A company's current liabilities are the items that are payable within the next year, such as short-term loans. You can calculate a company's quick ratio to determine its ability to cover these payments using the quick assets it has on hand. Quick assets include cash and those that will soon become cash. A company with a quick ratio of at least 1 has sufficient quick assets to cover its current liabilities. A ratio of less than 1 suggests the company must generate other funds, such as by selling inventory, to pay its bills.
Obtain a company's most recent balance sheet. If you want to calculate a quick ratio for a public company, find its balance sheet in its Form 10-Q quarterly report or in its Form 10-K annual report. You can download Forms 10-Q and 10-K from the investor relations section of a company's website or from the U.S. Securities and Exchange Commission's online EDGAR database.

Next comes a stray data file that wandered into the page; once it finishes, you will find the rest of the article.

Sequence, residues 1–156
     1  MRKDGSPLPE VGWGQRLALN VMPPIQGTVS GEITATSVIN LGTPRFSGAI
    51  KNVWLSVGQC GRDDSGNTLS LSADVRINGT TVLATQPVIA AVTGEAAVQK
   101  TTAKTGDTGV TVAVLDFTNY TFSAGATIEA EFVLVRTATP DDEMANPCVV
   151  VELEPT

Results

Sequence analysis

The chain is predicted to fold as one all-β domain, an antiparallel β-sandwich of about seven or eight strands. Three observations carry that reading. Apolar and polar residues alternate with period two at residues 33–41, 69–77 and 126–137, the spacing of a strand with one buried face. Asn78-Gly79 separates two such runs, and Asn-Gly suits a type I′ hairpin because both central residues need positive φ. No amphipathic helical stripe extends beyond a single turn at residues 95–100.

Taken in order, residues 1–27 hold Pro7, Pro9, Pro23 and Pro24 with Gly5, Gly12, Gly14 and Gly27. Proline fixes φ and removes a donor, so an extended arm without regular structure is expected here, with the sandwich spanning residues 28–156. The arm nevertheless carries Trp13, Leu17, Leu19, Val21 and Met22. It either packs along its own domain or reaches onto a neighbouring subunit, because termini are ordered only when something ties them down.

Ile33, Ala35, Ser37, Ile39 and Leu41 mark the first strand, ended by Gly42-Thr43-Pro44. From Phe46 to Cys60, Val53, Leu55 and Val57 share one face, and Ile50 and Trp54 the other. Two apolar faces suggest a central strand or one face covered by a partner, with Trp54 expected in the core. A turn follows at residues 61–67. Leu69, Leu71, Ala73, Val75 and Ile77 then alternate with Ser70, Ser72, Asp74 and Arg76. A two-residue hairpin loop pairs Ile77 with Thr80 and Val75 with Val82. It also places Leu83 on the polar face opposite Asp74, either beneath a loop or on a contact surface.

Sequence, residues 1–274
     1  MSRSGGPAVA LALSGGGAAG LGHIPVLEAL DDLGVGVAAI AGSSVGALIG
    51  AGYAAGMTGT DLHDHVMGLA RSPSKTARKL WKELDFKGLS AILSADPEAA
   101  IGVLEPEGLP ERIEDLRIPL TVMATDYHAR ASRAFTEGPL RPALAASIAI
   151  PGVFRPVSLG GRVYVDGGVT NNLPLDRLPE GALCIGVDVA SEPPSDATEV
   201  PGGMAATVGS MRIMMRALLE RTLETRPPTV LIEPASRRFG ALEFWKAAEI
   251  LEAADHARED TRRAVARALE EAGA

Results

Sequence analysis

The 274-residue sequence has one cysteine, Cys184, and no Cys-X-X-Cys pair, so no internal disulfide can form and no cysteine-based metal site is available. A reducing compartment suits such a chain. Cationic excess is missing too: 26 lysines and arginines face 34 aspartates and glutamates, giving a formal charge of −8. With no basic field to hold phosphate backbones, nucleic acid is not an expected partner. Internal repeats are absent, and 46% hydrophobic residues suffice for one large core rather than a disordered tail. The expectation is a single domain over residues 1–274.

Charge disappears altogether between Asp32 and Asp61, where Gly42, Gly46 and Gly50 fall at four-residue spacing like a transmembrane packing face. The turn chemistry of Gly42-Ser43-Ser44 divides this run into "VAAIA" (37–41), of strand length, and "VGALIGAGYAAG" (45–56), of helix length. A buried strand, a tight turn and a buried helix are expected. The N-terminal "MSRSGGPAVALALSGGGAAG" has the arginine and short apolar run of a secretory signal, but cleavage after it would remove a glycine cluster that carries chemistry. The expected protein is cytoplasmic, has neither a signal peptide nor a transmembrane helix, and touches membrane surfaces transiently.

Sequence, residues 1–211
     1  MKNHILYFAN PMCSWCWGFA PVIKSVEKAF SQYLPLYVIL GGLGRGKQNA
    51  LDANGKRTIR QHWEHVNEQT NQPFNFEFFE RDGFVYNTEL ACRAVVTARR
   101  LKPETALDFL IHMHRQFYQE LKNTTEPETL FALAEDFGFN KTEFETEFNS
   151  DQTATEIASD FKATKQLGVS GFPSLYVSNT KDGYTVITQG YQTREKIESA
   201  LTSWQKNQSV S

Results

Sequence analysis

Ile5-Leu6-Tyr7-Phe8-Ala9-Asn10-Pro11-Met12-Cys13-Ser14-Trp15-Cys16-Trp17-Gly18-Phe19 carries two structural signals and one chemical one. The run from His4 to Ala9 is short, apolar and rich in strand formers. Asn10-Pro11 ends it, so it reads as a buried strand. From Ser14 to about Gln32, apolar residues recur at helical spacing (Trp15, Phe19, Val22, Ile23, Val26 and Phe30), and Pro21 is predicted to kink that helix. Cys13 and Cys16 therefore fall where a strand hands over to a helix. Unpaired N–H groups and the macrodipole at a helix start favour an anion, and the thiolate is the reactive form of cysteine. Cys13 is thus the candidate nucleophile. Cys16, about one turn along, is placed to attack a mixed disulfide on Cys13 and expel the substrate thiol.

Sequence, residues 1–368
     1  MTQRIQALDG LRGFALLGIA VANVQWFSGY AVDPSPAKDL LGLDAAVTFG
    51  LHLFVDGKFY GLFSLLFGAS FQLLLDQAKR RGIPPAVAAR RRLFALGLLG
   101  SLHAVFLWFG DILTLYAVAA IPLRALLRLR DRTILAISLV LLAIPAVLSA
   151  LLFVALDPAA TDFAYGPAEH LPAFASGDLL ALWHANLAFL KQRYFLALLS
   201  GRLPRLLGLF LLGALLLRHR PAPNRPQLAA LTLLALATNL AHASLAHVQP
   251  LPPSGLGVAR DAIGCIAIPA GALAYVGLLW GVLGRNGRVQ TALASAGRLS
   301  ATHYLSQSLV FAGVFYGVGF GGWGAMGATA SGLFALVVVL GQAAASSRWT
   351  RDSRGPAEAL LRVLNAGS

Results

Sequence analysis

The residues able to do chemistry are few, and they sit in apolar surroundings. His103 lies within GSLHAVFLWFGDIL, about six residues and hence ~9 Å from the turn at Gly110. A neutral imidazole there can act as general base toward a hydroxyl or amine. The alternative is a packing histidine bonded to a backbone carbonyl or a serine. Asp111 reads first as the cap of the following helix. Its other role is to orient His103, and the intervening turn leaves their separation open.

Identify the amount of cash, marketable securities, accounts receivable, interest receivable and current notes receivable in the current assets section of the balance sheet. Add these items together to determine the company's total quick assets. For example, assume a company has $1 million in cash, $2 million in marketable securities, $4 million in accounts receivable and $1 million in interest receivable. Add these to get $8 million in quick assets.
Find the amount of accounts payable, short-term loans, interest payable and any other items in the current liabilities section of the balance sheet. Add these items together to determine the company's total current liabilities. Continuing the example, assume the company has $1.5 million in accounts payable, $2 million in short-term loans and $500,000 in interest payable. Add these together to get $4 million in total current liabilities.
Divide the company's quick assets by its current liabilities to calculate its quick ratio. Concluding the example, divide $8 million by $4 million to get a quick ratio of 2. This means the company has quick assets equal to twice its current liabilities, which suggests it can easily cover its short-term payments.
Calculate a company’s quick ratio for different periods to spot any positive or negative changes.
A low quick ratio doesn’t necessarily mean a company is in trouble. A company might generate strong cash flows or be able to raise additional money to pay its current liabilities.